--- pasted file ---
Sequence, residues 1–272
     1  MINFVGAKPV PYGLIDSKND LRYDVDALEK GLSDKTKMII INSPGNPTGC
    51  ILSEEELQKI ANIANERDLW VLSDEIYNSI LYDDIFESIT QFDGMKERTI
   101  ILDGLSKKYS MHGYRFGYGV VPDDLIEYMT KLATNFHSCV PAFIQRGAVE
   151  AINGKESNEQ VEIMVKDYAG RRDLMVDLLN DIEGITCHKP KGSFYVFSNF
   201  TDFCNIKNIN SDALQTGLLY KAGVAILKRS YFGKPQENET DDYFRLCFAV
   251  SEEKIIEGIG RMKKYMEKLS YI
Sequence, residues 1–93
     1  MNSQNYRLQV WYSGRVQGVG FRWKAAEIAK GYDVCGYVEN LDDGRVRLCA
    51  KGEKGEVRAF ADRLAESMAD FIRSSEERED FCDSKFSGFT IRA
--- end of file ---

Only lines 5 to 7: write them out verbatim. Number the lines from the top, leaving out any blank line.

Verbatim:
   151  AINGKESNEQ VEIMVKDYAG RRDLMVDLLN DIEGITCHKP KGSFYVFSNF
   201  TDFCNIKNIN SDALQTGLLY KAGVAILKRS YFGKPQENET DDYFRLCFAV
   251  SEEKIIEGIG RMKKYMEKLS YI